Ex-engineer pleads guilty in LIRR disability case
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Former Long Island Rail Road locomotive engineer Gregory Bianchini pleaded guilty in federal court in Manhattan to disability fraud Wednesday, the latest in a stream of retirees to admit to being part of a conspiracy to rip off the federal Railroad Retirement Board.
Bianchini, who worked for the LIRR for 29 years until retiring in 2003, faces up to 75 years in prison on conspiracy and fraud charges. He also will give up $334,664 in illegally obtained benefits and promised to cooperate with the government in hopes of a lenient sentence, according to his plea agreement.
Prosecutors have charged 32 doctors, retirees and so-called facilitators with being part of massive conspiracy among hundreds of LIRR workers to make phony disability claims, which could have cost the government as much as $1 billion. Bianchini is the 17th to plead guilty.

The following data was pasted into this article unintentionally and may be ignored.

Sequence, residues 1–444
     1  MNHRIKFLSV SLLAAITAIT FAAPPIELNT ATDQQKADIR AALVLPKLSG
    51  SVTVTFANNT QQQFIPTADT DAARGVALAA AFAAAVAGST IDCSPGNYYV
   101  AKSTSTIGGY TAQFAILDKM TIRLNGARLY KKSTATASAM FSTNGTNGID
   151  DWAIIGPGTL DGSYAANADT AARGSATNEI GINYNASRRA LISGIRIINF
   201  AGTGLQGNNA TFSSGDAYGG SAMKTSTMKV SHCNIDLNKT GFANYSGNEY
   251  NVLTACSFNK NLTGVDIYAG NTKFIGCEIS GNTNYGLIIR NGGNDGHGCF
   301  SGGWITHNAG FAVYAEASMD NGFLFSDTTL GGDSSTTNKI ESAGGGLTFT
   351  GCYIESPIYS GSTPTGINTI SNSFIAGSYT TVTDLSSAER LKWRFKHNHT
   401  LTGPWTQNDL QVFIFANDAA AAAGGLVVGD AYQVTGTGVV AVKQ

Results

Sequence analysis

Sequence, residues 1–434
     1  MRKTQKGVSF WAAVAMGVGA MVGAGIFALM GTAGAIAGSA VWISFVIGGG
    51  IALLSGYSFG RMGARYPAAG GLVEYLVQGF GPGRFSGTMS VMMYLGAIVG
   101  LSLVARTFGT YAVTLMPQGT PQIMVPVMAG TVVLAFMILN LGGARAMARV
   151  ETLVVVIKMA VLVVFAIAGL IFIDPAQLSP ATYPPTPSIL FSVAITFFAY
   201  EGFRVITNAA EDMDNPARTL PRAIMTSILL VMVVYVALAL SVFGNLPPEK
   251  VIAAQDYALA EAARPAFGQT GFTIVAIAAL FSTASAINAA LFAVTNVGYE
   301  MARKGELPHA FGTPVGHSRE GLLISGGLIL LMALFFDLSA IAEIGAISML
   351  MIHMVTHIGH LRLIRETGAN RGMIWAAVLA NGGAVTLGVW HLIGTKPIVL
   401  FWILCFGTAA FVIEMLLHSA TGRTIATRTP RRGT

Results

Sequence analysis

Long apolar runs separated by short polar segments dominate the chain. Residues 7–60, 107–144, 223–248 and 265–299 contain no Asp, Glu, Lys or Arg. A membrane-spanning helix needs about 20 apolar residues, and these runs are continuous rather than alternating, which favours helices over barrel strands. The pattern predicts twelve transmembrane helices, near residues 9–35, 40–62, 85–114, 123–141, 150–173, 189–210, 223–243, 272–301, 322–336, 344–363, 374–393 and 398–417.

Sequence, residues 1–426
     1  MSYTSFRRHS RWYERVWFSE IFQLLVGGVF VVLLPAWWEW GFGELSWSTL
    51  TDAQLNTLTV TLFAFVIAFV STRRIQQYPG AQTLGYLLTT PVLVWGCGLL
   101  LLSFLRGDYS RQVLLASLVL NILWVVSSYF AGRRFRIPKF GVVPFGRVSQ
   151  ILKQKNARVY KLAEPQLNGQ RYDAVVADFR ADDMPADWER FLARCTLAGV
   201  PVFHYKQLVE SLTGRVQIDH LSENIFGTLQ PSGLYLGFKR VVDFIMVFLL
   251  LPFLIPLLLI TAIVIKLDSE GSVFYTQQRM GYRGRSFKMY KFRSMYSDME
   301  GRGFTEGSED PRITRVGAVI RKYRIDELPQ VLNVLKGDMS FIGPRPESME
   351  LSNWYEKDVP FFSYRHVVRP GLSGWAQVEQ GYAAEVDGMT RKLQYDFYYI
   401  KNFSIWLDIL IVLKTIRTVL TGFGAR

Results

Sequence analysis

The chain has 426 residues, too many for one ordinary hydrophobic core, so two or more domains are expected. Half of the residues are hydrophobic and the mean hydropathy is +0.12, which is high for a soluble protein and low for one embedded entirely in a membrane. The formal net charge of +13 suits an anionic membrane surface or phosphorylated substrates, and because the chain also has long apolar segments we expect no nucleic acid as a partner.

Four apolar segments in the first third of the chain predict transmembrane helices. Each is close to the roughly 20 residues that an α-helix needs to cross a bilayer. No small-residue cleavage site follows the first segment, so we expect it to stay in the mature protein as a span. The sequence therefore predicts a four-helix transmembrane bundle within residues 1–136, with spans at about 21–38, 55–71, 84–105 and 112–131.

Bianchini told U.S. Magistrate Kevin Fox that as he prepared to retire it was his "hope and plan" to receive an occupational disability, and that he went to Dr. Peter Ajemian of Rockville Centre -- one of the doctors charged -- because he knew there was a "high rate of approvals" for Ajemian's patients.
He said he had pain, but not disabling pain. "Although I was in pain, I was still able to work," he said. "And I knew that it was a misstatement to state that I could not."
Bianchini, 59, was listed as a resident of Key Largo, Fla., when he was indicted in May. He was scheduled to go on trial on Feb. 11 with Ajemian and three others. Now that scheduled trial, which originally had 12 defendants, has only four remaining.
Leaving court, Bianchini and his attorney declined to discuss his cooperation with the government or even his age. He also declined an opportunity to say he was sorry for his role in the disability rip-off. "I have no comment," he said.